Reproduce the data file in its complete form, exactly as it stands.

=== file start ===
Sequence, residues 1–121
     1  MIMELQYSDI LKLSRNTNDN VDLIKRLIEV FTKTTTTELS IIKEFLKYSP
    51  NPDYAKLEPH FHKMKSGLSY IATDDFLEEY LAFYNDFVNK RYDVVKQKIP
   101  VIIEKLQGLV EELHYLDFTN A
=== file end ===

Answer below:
Sequence, residues 1–121
     1  MIMELQYSDI LKLSRNTNDN VDLIKRLIEV FTKTTTTELS IIKEFLKYSP
    51  NPDYAKLEPH FHKMKSGLSY IATDDFLEEY LAFYNDFVNK RYDVVKQKIP
   101  VIIEKLQGLV EELHYLDFTN A